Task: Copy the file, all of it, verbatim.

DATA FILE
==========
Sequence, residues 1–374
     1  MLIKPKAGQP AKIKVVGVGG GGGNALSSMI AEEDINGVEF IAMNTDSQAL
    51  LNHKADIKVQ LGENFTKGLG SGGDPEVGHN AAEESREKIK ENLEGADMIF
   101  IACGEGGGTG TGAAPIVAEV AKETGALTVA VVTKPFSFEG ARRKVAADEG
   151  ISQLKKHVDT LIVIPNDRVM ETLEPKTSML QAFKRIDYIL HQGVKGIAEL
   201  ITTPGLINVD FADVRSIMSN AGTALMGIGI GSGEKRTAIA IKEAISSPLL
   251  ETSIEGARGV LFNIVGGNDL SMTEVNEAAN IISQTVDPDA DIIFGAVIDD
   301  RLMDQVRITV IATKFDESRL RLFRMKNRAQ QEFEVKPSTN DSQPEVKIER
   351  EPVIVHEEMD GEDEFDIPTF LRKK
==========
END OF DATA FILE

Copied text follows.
Sequence, residues 1–374
     1  MLIKPKAGQP AKIKVVGVGG GGGNALSSMI AEEDINGVEF IAMNTDSQAL
    51  LNHKADIKVQ LGENFTKGLG SGGDPEVGHN AAEESREKIK ENLEGADMIF
   101  IACGEGGGTG TGAAPIVAEV AKETGALTVA VVTKPFSFEG ARRKVAADEG
   151  ISQLKKHVDT LIVIPNDRVM ETLEPKTSML QAFKRIDYIL HQGVKGIAEL
   201  ITTPGLINVD FADVRSIMSN AGTALMGIGI GSGEKRTAIA IKEAISSPLL
   251  ETSIEGARGV LFNIVGGNDL SMTEVNEAAN IISQTVDPDA DIIFGAVIDD
   301  RLMDQVRITV IATKFDESRL RLFRMKNRAQ QEFEVKPSTN DSQPEVKIER
   351  EPVIVHEEMD GEDEFDIPTF LRKK